Buku Medicine


Show more


Show more

Parathyroid hormone

Quick tip: elevation in PTH in patients with CKD is a chronic problem from which the patient will come to no harm in the short term - management can be led by the renal team as an outpatient 

PTH levels increase as CKD progresses, initially as an adaptive mechanism to increase phosphate loss in the urine, to compensate for decreased phosphate filtration.  However, as PTH levels rise, so does the risk of CKD mineral bone disease (CKD-MBD). 

Key facts regarding CKD-MBD: 

  • Strongly associated with cardiovascular disease and mortality 
  • Target level for PTH is between 2-9 times the upper limit of normal 

Treatment is usually started in CKD stages 4 or 5, and is aimed at decreasing phosphate and PTH levels while keeping calcium within the normal range.  This is achieved by: 

  • advising low phosphate dietary intake, with help from renal dietitian colleagues 
  • phosphate binders, to decrease GI absorption 
  • replacing inactive vitamin D orally (it is unclear whether this is beneficial, though it is often done and is not considered detrimental) 
  • activated vitamin D products (reserved for severe and progressive hyperparathyroidism and dialysis dependant CKD) 
  • calcimimetics such as cinacalcet lower PTH and serum calcium in tertiary hyperparathyroidism  

See the app ‘Managing CKD Mineral Bone Disorder’ for more detail and for management algorithms for different biochemical parameters. 

Bicarbonate level

In the outpatient setting, patients with CKD may be prescribed oral sodium bicarbonate to counteract the associated metabolic acidosis.  It is common practice to consider replacement when levels around <20mmol/L, and then to target the normal range.  Patient are advised to decrease dietary acid load (eg. from animal protein) and to increase dietary base intake (eg. increase fruit and vegetable intake), though given dietary limitations on potassium intake this can be difficult. 

Serum bicarbonate levels of <22mmol/L are associated with: 

  • Increased risk of CKD progression 
  • Bone demineralisation 
  • Protein catabolism 
  • Hyperkalaemia 

Sodium bicarbonate therapy: 

  • Starting oral dose of 500mg three times daily reasonable, with uptitration to 1g TDS if required and tolerated 
  • Helps control hyperkalaemia 
  • Side-effects include GI upset and increased pill burden 
  • Unlike sodium chloride, it is not associated with hypertension, though levels above 26mmol/L are associated with increased heart failure and vascular calcification 
  • If made NBM on admission to hospital is a non-urgent medication which can be safely omitted 

"Renal screen" explained

Show more

Renal ultrasound findings

Quick tip: usual findings in long-standing CKD are small kidneys on ultrasound with a thin cortex, increased echogenicity and loss of corticomedullary differentiation 

Quick tip: In the setting of abnormal kidney function, an USS is helpful to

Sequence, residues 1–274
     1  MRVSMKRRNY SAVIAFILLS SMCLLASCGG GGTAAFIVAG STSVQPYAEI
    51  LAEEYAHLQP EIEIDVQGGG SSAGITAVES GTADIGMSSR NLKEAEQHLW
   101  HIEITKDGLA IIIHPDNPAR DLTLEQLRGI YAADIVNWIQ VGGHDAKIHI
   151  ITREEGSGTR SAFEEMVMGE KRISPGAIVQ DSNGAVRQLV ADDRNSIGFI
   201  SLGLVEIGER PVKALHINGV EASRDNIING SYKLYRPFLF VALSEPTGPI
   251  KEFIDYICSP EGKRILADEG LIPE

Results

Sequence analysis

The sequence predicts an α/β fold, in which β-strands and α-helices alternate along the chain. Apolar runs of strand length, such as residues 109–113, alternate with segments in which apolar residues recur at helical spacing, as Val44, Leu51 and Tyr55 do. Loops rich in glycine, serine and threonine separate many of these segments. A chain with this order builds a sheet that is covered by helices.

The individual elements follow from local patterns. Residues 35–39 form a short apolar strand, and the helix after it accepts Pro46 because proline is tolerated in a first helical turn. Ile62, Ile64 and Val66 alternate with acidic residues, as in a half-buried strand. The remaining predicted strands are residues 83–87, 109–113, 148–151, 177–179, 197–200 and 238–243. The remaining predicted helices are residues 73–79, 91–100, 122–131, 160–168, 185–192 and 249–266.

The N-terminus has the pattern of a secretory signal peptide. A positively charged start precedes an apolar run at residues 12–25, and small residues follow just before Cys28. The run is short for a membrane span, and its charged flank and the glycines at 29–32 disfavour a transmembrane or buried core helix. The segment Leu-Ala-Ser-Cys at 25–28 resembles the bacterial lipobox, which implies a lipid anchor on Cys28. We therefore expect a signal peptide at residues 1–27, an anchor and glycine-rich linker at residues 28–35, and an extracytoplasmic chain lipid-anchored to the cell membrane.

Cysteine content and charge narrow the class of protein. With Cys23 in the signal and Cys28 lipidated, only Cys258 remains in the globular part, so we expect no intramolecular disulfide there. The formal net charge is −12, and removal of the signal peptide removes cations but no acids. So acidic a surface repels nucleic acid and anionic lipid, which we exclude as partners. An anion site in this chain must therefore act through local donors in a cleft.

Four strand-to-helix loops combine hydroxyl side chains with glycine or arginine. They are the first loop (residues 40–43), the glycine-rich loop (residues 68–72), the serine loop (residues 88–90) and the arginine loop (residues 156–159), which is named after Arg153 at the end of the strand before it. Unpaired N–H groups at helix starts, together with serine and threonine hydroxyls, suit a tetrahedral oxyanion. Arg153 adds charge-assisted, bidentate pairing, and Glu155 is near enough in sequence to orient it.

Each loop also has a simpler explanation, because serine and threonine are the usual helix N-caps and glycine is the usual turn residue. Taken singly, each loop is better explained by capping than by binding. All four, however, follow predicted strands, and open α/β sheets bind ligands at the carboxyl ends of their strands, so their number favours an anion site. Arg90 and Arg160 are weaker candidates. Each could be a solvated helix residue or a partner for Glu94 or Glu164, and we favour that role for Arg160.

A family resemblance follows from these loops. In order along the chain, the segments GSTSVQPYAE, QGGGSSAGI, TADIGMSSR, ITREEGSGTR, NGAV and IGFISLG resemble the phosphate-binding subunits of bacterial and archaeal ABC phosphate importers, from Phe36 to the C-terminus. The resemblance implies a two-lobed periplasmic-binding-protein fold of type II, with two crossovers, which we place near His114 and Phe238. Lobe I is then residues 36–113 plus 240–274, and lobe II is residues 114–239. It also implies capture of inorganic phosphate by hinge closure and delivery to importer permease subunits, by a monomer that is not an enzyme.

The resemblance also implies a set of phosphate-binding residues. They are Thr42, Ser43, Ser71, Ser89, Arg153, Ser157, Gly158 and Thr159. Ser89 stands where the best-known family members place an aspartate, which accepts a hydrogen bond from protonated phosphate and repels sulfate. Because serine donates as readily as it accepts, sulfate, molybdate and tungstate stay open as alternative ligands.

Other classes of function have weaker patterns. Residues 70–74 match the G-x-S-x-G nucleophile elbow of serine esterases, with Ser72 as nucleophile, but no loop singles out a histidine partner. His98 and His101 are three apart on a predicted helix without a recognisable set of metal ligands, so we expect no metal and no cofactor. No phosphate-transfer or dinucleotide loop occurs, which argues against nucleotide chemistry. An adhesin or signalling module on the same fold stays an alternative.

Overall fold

1. Exclude hydronephrosis 
  2. Measure kidney size 
  3. Confirm two kidneys present 
  4. Occasionally give the diagnosis e.g polycystic kidneys

Increased kidney size bilaterally, with normal kidney function and echogenicity 

  • Obesity 
  • Tall stature 
  • Steroid use 
  • Acromegaly 
  • Diabetes 
  • Leukaemia infiltrating kidneys (very rare) 

Asymptomatic, unilateral increase in kidney size 

  • Hypertrophy of one kidney due to decreased function of the other (eg. unilateral renal artery stenosis) 
  • Leukaemia (though usually affects both kidneys) 

Symptomatic, unilateral increase in kidney size 

  • Unilateral obstruction 
  • Pyelonephritis 
  • Acute vascular insult eg. renal vein thrombosis 


Varying echogenicity is not a reliable way to distinguish different causes of AKI, but in conjunction with the clinical picture may make certain conditions more or less likely. 

Normal or increased echogenicity with reduced kidney function 

  • Glomerulonephritis 
  • Acute interstitial nephritis 
  • Amyloid 
  • Multiple myeloma 
  • HIV nephropathy 
  • Pre-eclampsia 

Decreased cortical echogenicity 

  • Acute cortical necrosis 
  • Oedema 

Increased medullary echogenicity (normal cortex) 

  • Nephrocalcinosis 
  • Urate nephropathy 
  • Sickle cell disease 
  • Sjogren's syndrome 
  • Medullary sponge kidney 

Transplant meds levels

Quick tip: patients will usually take twice daily immunosuppressants at 10am and 10pm - this leaves time in the morning for trough levels to be taken before the dose.  

Quick tip: it can take several days in some centres to get tacrolimus and ciclosporin results, so the patient should continue taking their usual dose while results are awaited 

Renal transplant medications with commonly measured levels include tacrolimus, ciclosporin and sirolimus.   

All levels must be taken as trough levels, before the morning dose.  

Target ranges will be patient specific, factoring in: 

  • rejection risk 
  • infection and cancer risk 
  • other immunosuppression taken 
  • time since transplant 
  • current clinical situation 

As a rough rule of thumb, if used within a combination of immunosuppression and over one year since transplant, reasonable targets levels are: 

  • Tacrolimus 3-7ng/L 
  • Ciclosporin 100-150ng/L 
  • Sirolimus 4-7ng/L 

However, clearly, one should always discuss target levels and clinical situation of specific patients with the transplant team who knows the patient. 

There is no widely available laboratory test to measure mycophenolate levels.   





‘Managing CKD Mineral Bone Disorder’ - recommended app